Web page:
Valens has a poor reputation as a Roman Emperor. Given that he presided over the disaster at Adrianople, this is understandable. This book goes some way to suggesting that although he could never be classed as a great emperor, he was a competent man who momentarily lost control.
The book starts at the last days of Julian’s reign and runs through the rule of Valentian I and his brother Valens. Throughout most of the book Hughes takes a methodical, almost annalistic, approach. The military campaigns and major events of each year are briefly described. This is quite a dry style, but it does pay off when the author begins to draw conclusions later in the book. The battle of Adrianople, and the campaign around it, is covered in more detail in the last few chapters.
Continue reading Imperial Brothers by Ian Hughes
First off, “and the Wars of the Roses” isn’t a subtitle used lightly. This 2010 release from Pen & Sword focuses very much on the military history side of things. It doesn’t function as a complete biography – his later reign is only skimmed through, and the details of his often extravagant lifestyle don’t really feature. It does however make a case for Edward being the most successful general of any English monarch.
His record is blotted by the fact that most of his campaigns were fought against his compatriots in civil wars and rebellions, rather than the French like Henry V (they were, of course, a much more acceptable target), but the achievements do stand up. He never lost a battle, and was equally willing and able to delegate command, negotiate, or retreat if necessary. When he did finally invade France it was a bit of a wash out, with the promised support from Burgandy disappearing – but his eventual peace treaty was a respectable end, and showed a level headed response to these problems.
After a brief introduction to the setting and the upbringing of noble children, the author gives a run through of the Wars of the Roses, with all its characters and machinations. Better tellings of the full story could be found elsewhere; here it is just average (but also necessary to understand Edward’s role). For the battles however, it is much more successful. Aspects of the preparation, tactics, and the aftermath are covered and paint a lively picture of the 15th century campaigns. Edward’s personality too does feel rounded, it may not elaborate but we get enough to understand his more playful or personal side. Despite the focus on the military and on Edward, other characters like Warwick “the Kingmaker” (his role much downplayed here) or Edmund Beaufort, Duke of Somerset, do come across well.
In all, it’s worth a read. The military side is very well written and there is enough insight to the politics, personalities and everyday life to keep the rest interesting – I just wish it had been a bit more complete in places.
A short post here on a short book. Michael Grant was a classicist with a reputation for writing short and popular, but comprehensive, books on Rome and this volume from 1996 is no exception. He condenses the fifty event filled years of the Severan dynasty (and the brief reign of Macrinus) into under ninety pages. The structure of the book is thematic rather than narrative, and chapters on finance, literature and art give perspectives often forgotten in more story-driven popular history.
However, the brevity of the book can be an issue. Chapters on the law, the army and the infamous Severan women could perhaps do with more elaboration and often seem to be expecting the reader to be working from an already advanced position. Grant clearly has some interesting things to say, but he doesn’t do himself justice at this breakneck pace. Some of the climactic events of the period are also brushed past in a somewhat underwhelming way, making the narrative chapters seem a bit uneven.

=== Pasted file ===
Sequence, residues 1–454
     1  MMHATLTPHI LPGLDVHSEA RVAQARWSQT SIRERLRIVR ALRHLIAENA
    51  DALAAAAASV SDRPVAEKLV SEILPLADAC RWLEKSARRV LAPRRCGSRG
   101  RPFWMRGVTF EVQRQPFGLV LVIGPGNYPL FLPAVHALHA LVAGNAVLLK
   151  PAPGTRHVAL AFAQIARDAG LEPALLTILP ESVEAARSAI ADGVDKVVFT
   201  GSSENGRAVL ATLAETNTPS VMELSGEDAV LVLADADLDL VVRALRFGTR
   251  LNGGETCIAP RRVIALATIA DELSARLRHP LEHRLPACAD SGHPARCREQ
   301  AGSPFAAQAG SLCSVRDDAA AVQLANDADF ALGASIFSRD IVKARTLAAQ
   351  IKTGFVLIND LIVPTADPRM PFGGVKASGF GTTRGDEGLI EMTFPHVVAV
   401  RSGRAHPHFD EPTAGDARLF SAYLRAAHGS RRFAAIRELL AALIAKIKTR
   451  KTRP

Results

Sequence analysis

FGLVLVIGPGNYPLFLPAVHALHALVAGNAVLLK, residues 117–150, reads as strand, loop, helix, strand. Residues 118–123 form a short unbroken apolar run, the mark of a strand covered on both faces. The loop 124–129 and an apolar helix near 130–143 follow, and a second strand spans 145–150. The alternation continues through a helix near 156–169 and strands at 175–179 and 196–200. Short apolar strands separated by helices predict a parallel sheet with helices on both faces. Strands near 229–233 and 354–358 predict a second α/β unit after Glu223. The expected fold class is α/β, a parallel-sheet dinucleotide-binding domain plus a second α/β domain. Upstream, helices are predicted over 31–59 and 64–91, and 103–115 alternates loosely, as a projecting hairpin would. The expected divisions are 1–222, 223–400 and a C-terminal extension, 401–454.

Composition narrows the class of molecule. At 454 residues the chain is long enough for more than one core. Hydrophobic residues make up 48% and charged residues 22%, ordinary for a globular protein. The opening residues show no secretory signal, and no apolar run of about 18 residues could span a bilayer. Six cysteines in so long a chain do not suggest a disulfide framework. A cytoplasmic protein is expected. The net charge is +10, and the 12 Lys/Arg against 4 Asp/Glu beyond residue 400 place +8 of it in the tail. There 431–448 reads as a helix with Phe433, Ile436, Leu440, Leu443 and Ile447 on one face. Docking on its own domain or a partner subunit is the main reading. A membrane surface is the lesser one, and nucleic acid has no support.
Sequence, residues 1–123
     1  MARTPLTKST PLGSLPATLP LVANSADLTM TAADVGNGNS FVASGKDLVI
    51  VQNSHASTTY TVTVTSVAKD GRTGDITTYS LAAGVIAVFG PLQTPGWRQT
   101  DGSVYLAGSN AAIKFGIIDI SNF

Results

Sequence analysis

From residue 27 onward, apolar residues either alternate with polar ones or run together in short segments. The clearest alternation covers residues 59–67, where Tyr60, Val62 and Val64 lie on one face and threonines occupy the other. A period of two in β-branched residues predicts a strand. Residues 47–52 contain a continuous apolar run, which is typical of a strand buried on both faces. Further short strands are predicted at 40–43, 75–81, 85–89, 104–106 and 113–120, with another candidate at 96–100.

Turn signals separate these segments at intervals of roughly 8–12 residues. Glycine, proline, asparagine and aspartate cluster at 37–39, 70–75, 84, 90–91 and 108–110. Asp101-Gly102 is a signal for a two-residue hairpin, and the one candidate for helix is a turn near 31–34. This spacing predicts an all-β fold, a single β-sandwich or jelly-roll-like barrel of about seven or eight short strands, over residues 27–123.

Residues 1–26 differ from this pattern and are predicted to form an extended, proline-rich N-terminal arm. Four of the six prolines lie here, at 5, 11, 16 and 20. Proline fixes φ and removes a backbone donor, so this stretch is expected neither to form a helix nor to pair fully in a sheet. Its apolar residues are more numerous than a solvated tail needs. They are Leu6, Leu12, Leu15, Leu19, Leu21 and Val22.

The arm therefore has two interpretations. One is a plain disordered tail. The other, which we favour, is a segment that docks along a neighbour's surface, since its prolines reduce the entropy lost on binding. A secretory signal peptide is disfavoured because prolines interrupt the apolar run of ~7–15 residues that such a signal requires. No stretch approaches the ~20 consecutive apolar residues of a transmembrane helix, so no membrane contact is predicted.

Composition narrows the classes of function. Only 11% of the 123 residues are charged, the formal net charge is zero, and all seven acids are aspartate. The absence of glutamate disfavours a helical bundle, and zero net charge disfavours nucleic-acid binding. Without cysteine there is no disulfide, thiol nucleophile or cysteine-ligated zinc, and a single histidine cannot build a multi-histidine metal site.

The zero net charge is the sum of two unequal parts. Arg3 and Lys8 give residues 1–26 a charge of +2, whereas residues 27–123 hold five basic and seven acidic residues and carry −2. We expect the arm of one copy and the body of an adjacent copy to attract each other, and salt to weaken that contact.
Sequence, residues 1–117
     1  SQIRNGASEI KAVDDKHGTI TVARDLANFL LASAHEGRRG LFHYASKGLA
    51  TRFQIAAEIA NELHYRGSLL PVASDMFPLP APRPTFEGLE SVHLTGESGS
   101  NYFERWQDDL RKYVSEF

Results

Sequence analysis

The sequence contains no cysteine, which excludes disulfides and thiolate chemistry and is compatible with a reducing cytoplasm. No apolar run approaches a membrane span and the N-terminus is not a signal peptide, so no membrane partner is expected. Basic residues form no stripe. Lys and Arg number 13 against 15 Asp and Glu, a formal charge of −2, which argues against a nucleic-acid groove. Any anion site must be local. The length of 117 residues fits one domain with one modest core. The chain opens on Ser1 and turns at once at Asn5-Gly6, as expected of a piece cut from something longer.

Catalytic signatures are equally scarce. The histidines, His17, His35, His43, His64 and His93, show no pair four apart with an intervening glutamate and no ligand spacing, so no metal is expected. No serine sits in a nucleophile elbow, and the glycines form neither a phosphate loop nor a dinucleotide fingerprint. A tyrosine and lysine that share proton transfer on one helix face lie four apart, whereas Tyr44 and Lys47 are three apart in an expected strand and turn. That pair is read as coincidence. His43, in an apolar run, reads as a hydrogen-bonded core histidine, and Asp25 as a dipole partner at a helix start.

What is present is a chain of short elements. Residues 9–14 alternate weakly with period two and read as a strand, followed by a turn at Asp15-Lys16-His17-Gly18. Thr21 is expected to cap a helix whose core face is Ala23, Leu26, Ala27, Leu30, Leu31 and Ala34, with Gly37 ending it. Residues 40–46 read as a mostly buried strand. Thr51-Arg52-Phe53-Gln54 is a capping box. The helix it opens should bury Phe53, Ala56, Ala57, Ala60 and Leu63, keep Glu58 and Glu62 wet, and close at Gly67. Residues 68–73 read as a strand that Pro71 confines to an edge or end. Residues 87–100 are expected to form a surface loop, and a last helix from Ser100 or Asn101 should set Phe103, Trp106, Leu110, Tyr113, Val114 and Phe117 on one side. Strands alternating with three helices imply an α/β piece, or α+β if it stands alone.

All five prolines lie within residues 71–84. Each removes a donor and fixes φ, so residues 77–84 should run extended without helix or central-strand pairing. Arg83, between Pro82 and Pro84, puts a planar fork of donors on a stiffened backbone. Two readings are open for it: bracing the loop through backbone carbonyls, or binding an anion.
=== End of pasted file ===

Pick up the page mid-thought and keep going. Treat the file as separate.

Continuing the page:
It’s certainly meant to be read as part of a wider reading list and used as a launching off point for further exploration – and in that it does a decent job. On its own, however, it does nothing but whet the appetite and occasionally make me wish I’d be a little more prepared before jumping in.
Marcus Aurelius has a reputation as a great emperor, if not one of the best. He studied philosophy, ruled temperately and was fairly successful in his wars (mostly fought in self defence). He was the last of the “five good emperors”, with the Roman Empire at its greatest extent. However things were not that simple, and both Marcus and the Empire were not without flaws (some of them pretty major). This 2009 biography by Frank McLynn attempts to paint a more complete portrait of Marcus and his legacy.
This is a therefore a book with a lot of side tracks and dead ends. That isn’t necessarily a bad thing, to really weigh up a man like Marcus Aurelius we need that background. He was a “good” emperor just as the Empire started to collapse; he was a philosopher whose meditations can read like an inconsistent self-help book; he was a wise leader or a terrible judge of character. The detail goes towards building a better picture of who Marcus Aurelius was (or at least who Frank McLynn thinks he was).
Continue reading Marcus Aurelius by Frank McLynn
Why is Paracelsus1 important? It’s a question that comes up repeatedly in this 2006 biography by Philip Ball. He didn’t actually discover anything (in any case, not so far as can be deciphered from his often cryptic writing). None of his theories have lasted (most were dismissed under even basic experimentation). Although he was a practical and skeptical man, he never really had a system for his work and it would be stretching the term to labelled it as “science”.
Continue reading Post 61: The Devil’s Doctor
After Mike Duncan’s superb History of Rome, do we really need another podcast about Romans? Obviously more than a few people think so, by the way that this series, by La Trobe University in Australia has rocketed up the iTunes charts. In fairness, the show itself has a different format and tone – it’s much more biographical in focus and is presented as an interview between the host, Matt Smith, and a lecturer at the university, Dr Rhiannon Evans. Pieces of the interviews are then put together to tell the story and discuss any interesting points that crop up.
Continue reading Post 60: Emperors of Rome podcast